Tag Archives: iphone

Apple staffer loses test iPhone in bar – again

Police called in for search as ‘priceless’ prototype iPhone 5 is left in Mexican restaurant in San Francisco, according to report


A man uses an Apple iPhone

An Apple employee left a prototype iPhone 5 in a Mexican restaurant on San Francisco, according to a report. Photograph: Mario Anzuoni/Reuters

Have you heard this one before? An Apple employee walks into a bar in California with a top-secret iPhone prototype – and leaves it behind. Apple then scrambles to recover the phone, involving the police in the process after it has been sold by a finder, eventually getting it back under wraps.


It happened in April last year – and now, says CNet, it has happened again with a prototype of the very latest iPhone, expected to be launched within the next few weeks.


But this time Apple does not appear to have got the phone back.

According to the report, the phone was lost while being tested outside the Apple campus in a Mexican restaurant in San Francisco’s Mission district, and then sold on Craigslist for $200 (£123).

It was initially left in a bar called Cava22, which says it takes “real pride in bringing a live and festive Mexican experience, for all our cleints [sic] to enjoy” including a margarita sweet-and-sour mix, by an Apple employee who appears to have been testing it off Apple’s campus. The company carries out external testing by letting selected staff take prototypes to urban and other locations in order to test its behaviour in normal settings, rather than the laboratory conditions of its own headquarters.


But they are not meant to leave them behind. “I guess I’ll have to make my drinks a little less strong,” the owner, Jose Valle, told CNet.

CNet says Apple contacted the San Francisco police as soon as the loss was discovered and told them that the phone was “priceless” and that the company wanted its safe return.

It was eventually tracked down via a location-tracking system built into the phone to a single-family home in San Francisco’s Bernal Heights area, says CNet. But when police and Apple’s investigators visited the house, the occupant denied any knowledge of the phone, and it wasn’t recovered despite a search – with the occupant’s permission – of the residence.

Apple has not commented on the events, which come as interest in the successor to the iPhone 4 – which has variously been guessed at as being called the iPhone 4G, 4S and iPhone 5 – is growing. With the existing model now comparatively old in smartphone terms, having been released in June 2010, the expectation is the next model will have to bring dramatic improvements in performance to compete with rival handsets from companies such as Samsung, Motorola and HTC using Google’s Android operating system.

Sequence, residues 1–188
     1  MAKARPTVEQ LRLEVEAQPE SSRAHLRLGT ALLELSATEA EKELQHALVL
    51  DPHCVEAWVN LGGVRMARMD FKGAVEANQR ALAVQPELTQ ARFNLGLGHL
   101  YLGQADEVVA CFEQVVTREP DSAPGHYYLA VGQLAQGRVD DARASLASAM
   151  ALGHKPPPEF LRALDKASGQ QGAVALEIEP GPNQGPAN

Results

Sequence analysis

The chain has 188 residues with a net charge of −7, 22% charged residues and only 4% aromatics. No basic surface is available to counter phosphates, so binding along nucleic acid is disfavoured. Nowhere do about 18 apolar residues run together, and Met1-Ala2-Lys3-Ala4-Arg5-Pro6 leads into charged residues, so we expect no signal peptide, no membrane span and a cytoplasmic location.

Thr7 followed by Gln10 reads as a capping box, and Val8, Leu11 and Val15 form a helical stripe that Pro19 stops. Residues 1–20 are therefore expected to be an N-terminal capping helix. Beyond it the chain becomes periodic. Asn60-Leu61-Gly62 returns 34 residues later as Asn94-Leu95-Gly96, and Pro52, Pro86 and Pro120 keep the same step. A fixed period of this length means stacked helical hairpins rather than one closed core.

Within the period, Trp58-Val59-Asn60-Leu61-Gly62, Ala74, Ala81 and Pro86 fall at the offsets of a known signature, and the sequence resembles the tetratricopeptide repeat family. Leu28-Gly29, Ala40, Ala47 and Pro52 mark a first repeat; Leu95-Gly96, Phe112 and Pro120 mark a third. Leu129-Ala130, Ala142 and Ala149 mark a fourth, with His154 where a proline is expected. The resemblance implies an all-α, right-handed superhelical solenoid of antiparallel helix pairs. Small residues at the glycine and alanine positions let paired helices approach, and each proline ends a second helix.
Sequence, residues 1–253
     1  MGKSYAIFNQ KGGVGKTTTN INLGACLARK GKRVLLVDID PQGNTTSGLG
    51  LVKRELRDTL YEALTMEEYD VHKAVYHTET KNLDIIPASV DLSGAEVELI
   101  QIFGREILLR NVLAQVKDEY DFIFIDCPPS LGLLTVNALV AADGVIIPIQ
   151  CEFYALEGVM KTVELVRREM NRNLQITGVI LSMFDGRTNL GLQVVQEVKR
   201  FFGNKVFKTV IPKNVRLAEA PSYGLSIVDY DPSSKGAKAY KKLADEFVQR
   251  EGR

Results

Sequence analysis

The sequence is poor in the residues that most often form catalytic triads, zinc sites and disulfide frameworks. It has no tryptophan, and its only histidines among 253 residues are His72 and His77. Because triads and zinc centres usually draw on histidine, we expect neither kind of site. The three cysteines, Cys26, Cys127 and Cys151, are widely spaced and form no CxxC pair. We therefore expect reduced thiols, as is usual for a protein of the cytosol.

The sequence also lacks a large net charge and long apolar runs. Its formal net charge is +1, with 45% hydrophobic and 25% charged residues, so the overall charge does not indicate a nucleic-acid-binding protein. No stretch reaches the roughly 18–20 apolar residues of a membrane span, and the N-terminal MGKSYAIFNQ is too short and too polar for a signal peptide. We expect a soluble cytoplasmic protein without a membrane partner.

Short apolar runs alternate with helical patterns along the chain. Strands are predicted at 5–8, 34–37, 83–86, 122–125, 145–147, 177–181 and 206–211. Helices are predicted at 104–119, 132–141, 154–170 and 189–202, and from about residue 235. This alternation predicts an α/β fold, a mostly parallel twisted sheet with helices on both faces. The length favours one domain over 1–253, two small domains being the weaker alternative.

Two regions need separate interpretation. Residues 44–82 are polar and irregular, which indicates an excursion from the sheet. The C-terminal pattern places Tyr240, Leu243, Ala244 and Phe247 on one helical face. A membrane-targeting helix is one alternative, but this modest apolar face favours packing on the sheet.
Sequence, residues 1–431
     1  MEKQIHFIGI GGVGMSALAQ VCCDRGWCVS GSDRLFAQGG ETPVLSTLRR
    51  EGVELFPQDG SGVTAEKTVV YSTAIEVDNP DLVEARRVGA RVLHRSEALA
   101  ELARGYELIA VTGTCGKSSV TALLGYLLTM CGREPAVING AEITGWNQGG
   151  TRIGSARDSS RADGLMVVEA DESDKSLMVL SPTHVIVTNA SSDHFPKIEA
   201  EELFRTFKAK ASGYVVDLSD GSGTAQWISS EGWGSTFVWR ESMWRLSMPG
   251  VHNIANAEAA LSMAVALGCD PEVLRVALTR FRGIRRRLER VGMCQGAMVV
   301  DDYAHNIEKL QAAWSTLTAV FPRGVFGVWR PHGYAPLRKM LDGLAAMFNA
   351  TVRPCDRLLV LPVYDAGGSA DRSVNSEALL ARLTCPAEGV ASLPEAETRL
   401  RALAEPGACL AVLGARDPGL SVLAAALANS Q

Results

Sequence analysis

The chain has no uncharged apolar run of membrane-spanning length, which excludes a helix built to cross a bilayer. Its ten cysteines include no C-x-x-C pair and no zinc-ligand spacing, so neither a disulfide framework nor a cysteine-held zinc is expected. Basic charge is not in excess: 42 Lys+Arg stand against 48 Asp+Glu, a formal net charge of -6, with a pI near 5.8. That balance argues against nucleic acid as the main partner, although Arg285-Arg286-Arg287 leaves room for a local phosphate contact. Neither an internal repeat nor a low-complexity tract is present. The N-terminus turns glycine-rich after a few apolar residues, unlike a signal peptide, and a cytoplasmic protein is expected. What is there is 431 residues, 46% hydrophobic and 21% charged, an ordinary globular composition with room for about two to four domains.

New versions of the iPhone are expected to use more powerful processors and have a different arrangement of the antenna system in the casing. The external antenna caused a media furore last year after some users complained that reception seemed to drop when their hand completed a contact between two metal components. One source at a carrier company suggested to the Guardian the problem arose because the prototype phones are principally tested on the Apple campus, in areas with relatively strong mobile signals; the signal drop from the antenna “bridging” was principally seen in areas with weaker reception.


Apple is understood to provide carrier companies with iPhones for testing that are shipped in sealed boxes so that staff cannot see the exterior. The tests are necessary to ensure that the phones comply with network software requirements.


Last year a prototype of the iPhone 4 was left in a beer garden by Gray Powell, an Apple engineer. That eventually made its way to the gadget blog Gizmodo, which published pictures and a video of the device. Apple called in the police, who got a warrant to search the home of Jason Chen, Gizmodo’s editor. Early in August, prosecutors in San Mateo filed criminal charges against two men, alleging that they sold the iPhone 4 prototype to Gizmodo. It is illegal under California law to take lost property if you know who the owner is likely to be, punishable by up to a year in prison.


Samsung beats iPhone in Android sales


Samsung Electronics Co, maker of the Galaxy mobile phone, may have surpassed Nokia and Apple Inc in smartphone sales for the first time on demand for devices that run on Android software, a research company said.

Samsung is estimated to have sold between 18 million and 21 million smartphones globally in the April-June quarter, compared with 16.7 million for Nokia and 20.3 million iPhones, Neil Mawston, a London-based analyst at Strategy Analytics, a research company based in Boston, said in an emailed response to questions on July 22. The data exclude tablet-computer sales.

The estimates show Google Inc’s Android is gaining ground on Apple in smartphones as Nokia, which is turning to Microsoft Corp for software support, struggles to keep up with the pace. Samsung, which also produces low-end phones that aren’t capable of downloading applications, has said it aims to more than double sales of high-end devices this year.

Read more here

Apple’s Innovations – will it ever end?

Steve Jobs has been around since the dawn of the computer industry, and, as he’ll admit, he’s had more than his share of great moments. Here are a few of Apple’s greatest product introductions, and a few more we suspect Jobs may spring on us yet.